Firaaq zooms into the lives of five different people living their lives separately bound together only by common place and circumstances. Their stories just brush against each other. One thing common is that all of them have to deal with their circumstances against a violent backdrop in their own different ways. They are all baffled by the human tragedy that suddenly barges into their lives and they are left to fend for themselves. And this is just after the fire subsided with the after-heat very much present and perceptible.
A Muslim couple returns back to their house from safety to find their humble abode burnt and ravaged. What lay there in tatters was the home they had built bit by bit for years. Who could have done this to them? Which of the neighbours? Nobody is above suspicion. Not even the wife’s closest friend, Jyoti, who comes to her with offer of work for her on her return. She must know who did this, the wife thinks and keep pestering her for answers while her husband is out looking for a gun to take revenge on one Mehul whose involvement the couple suspects because there was a dispute with him earlier. Of course, the suspicion is ill-founded and towards the end of the movie the quest for revenge would come to nothing with the couple realizing that they need to come to terms with their life as it exists.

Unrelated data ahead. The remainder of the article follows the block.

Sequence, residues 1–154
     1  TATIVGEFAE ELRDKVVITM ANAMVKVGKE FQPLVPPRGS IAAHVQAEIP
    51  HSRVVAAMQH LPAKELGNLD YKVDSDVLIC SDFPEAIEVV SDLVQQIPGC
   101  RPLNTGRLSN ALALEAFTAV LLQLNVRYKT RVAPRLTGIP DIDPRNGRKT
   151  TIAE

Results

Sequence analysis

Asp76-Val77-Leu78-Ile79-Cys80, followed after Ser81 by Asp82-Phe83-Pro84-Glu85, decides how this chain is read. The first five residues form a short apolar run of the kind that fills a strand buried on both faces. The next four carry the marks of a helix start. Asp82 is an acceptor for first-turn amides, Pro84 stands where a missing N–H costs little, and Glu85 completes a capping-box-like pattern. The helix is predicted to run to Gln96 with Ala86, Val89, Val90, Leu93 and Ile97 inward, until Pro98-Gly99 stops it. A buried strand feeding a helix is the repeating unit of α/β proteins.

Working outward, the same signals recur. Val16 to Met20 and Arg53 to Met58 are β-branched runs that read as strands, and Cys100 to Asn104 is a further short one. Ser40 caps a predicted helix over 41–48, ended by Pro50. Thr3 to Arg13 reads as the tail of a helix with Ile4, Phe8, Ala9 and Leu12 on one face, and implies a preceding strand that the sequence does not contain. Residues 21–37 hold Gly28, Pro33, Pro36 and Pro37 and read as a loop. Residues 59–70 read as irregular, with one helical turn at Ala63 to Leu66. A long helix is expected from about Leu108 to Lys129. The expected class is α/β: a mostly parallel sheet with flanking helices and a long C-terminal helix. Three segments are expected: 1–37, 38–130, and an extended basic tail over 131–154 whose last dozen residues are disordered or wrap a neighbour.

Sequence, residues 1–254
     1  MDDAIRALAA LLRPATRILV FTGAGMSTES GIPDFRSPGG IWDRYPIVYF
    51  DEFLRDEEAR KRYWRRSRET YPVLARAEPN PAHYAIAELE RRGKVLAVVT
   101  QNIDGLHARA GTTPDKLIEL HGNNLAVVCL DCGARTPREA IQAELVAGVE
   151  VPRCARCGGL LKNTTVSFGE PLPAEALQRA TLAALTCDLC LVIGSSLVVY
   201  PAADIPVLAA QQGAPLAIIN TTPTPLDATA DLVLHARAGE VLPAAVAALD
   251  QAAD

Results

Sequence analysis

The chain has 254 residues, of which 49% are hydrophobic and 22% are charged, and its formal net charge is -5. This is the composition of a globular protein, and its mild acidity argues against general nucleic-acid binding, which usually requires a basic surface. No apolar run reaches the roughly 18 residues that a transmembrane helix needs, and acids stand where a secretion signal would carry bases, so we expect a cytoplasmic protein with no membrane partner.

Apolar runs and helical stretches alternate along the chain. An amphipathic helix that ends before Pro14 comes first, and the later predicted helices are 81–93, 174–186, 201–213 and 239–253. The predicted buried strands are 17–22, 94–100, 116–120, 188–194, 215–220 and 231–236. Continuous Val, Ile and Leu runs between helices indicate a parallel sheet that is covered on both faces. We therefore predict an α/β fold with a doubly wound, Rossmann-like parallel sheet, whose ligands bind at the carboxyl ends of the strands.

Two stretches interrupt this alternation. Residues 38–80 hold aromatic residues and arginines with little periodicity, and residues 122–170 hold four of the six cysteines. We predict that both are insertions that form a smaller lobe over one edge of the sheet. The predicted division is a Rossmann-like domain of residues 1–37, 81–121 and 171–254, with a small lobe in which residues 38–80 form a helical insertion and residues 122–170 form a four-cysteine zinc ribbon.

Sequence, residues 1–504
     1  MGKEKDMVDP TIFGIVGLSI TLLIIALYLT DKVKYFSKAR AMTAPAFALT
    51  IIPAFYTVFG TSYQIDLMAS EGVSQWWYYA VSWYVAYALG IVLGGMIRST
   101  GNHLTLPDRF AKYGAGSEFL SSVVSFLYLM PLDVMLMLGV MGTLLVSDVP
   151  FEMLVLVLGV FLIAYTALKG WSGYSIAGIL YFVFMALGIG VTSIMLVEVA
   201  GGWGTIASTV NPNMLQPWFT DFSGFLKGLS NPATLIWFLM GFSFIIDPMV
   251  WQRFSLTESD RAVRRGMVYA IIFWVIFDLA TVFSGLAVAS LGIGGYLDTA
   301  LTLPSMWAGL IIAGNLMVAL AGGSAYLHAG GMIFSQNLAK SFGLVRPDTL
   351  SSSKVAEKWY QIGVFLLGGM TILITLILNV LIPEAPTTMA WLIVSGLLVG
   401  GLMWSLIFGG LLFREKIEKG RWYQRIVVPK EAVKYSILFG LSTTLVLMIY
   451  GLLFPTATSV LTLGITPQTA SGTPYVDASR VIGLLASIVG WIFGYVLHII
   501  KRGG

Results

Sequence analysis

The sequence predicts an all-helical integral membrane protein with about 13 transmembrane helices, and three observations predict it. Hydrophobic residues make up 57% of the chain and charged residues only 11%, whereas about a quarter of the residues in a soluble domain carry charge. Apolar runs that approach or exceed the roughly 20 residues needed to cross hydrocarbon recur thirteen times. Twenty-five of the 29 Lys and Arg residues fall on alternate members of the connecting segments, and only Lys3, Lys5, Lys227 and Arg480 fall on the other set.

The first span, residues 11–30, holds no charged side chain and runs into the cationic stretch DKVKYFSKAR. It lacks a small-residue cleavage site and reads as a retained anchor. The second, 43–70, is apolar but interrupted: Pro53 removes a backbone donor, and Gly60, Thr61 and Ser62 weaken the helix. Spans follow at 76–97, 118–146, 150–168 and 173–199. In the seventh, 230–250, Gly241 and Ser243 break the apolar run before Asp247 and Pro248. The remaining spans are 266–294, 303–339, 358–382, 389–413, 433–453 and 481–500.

A housewife (Deepti Naval) in a typical Gujarati family is feels forever guilty about not having sheltered some of those who came knocking fervently at their door begging to be protected from the bloodthirsty mob of killers. The rest of the family, however, goes about the business of living guiltlessly.
Then there is little Mohsin, a small orphaned child all of six or seven years of age who has run away from the ‘camp’ to look for his father. He learns from experience that when they ask your name, they want to know a little more than just the name. He also realizes that somehow Mohsin and Mohan were not just ‘two’ names, but were two ‘different’ names. And ‘Mohan’ was somehow ‘safer’ than ‘Mohsin’. That’s tragic and shameful for us as a nation.